Dr Blogs

Message can’t be diluted by misrepresentation

Hello, my name is Rob Webster.

The decision to ask Dr Kate Granger to close this year’s NHS Confederation annual conference was an easy one. I believe her insights about what we must treasure in the NHS and what needs to change are as important as the views of Simon Stevens and Jeremy Hunt. That is why she had a place on the main stage of the biggest and most important healthcare conference of the year.

That decision was vindicated by what I can only describe as one of the finest and most powerful speeches I have ever witnessed. It was a genuine privilege to hear Kate describe in a very balanced way her experiences as a doctor and a patient in the NHS. I am pretty sure every person in the audience felt the same. The silence in the Echo Arena during her talk; the standing ovation she received afterwards; and the outpouring of support on social media is strong evidence that I am right.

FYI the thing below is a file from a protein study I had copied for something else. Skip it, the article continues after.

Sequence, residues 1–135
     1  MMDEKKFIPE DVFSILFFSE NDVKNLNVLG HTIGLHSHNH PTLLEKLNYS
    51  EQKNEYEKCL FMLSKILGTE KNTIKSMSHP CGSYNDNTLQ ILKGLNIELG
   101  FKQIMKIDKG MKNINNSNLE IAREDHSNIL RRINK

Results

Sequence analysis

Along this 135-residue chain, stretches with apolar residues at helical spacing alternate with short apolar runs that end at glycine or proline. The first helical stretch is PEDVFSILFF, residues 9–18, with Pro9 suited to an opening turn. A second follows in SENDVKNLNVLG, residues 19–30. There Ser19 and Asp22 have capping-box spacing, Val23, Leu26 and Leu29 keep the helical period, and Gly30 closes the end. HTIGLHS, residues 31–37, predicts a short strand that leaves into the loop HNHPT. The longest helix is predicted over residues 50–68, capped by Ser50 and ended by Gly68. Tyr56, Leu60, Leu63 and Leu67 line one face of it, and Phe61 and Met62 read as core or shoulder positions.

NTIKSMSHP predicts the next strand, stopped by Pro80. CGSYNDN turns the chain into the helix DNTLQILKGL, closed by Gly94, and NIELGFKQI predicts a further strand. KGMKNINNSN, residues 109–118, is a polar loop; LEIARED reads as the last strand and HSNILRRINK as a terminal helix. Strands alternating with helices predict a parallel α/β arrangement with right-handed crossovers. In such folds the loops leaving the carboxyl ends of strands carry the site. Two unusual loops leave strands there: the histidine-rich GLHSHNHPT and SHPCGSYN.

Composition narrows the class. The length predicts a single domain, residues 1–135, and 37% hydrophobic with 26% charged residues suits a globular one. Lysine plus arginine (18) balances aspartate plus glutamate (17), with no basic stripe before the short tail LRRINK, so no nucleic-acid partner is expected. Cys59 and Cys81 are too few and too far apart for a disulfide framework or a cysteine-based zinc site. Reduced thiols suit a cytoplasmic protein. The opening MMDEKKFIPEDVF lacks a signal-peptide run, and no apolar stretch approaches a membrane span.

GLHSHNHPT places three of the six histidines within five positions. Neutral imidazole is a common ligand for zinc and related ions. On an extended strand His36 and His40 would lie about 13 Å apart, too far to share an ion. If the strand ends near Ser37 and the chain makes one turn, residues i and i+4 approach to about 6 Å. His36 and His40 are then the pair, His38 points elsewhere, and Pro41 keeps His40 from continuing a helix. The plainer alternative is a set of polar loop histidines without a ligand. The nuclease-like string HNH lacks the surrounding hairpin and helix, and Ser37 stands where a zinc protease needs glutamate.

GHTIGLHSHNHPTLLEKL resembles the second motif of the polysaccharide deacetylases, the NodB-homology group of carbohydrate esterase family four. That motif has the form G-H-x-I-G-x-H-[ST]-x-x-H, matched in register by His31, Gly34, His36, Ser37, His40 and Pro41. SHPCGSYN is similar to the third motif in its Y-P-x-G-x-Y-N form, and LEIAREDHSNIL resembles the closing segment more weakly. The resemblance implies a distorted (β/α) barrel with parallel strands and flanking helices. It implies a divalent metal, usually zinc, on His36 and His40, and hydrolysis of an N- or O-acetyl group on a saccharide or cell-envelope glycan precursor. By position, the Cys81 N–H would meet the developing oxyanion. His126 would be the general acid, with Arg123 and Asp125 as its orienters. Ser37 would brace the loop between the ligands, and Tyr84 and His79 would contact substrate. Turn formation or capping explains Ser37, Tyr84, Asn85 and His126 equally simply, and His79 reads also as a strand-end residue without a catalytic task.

I was deeply saddened to see the way in which Kate’s messages, which are rooted in humanity and respect for the individual, have been reported by the Daily Mail. It is ironic that the Mail appears not to have listened to what Dr Granger actually said – treating Dr Granger with neither respect nor humanity, and failing to reflect the messages that she gave to the audience. They didn’t even spell her name correctly. She wrote on Twitter that the article made her “never want to speak again”.

As a service, we are looking to ensure that voices like Kate’s are heard. Alongside Kate, this year’s conference had staff and patient voices throughout. That’s because we are building on the dedication and commitment of staff and the public to the NHS whilst working on the areas we know we need to get better. This is one of them. My mission is to help make sure we get there.

Kate is a remarkable woman. She has made a huge impression on the health service – as a practising doctor and a campaigner for improving care. Watch her session. Talk about it, share it with friends and colleagues. Spread the word.

In years to come, I know “HelloMyNameIs” will be one of the fundamentals of the new NHS and we will have one person to thank: Dr Kate Granger.

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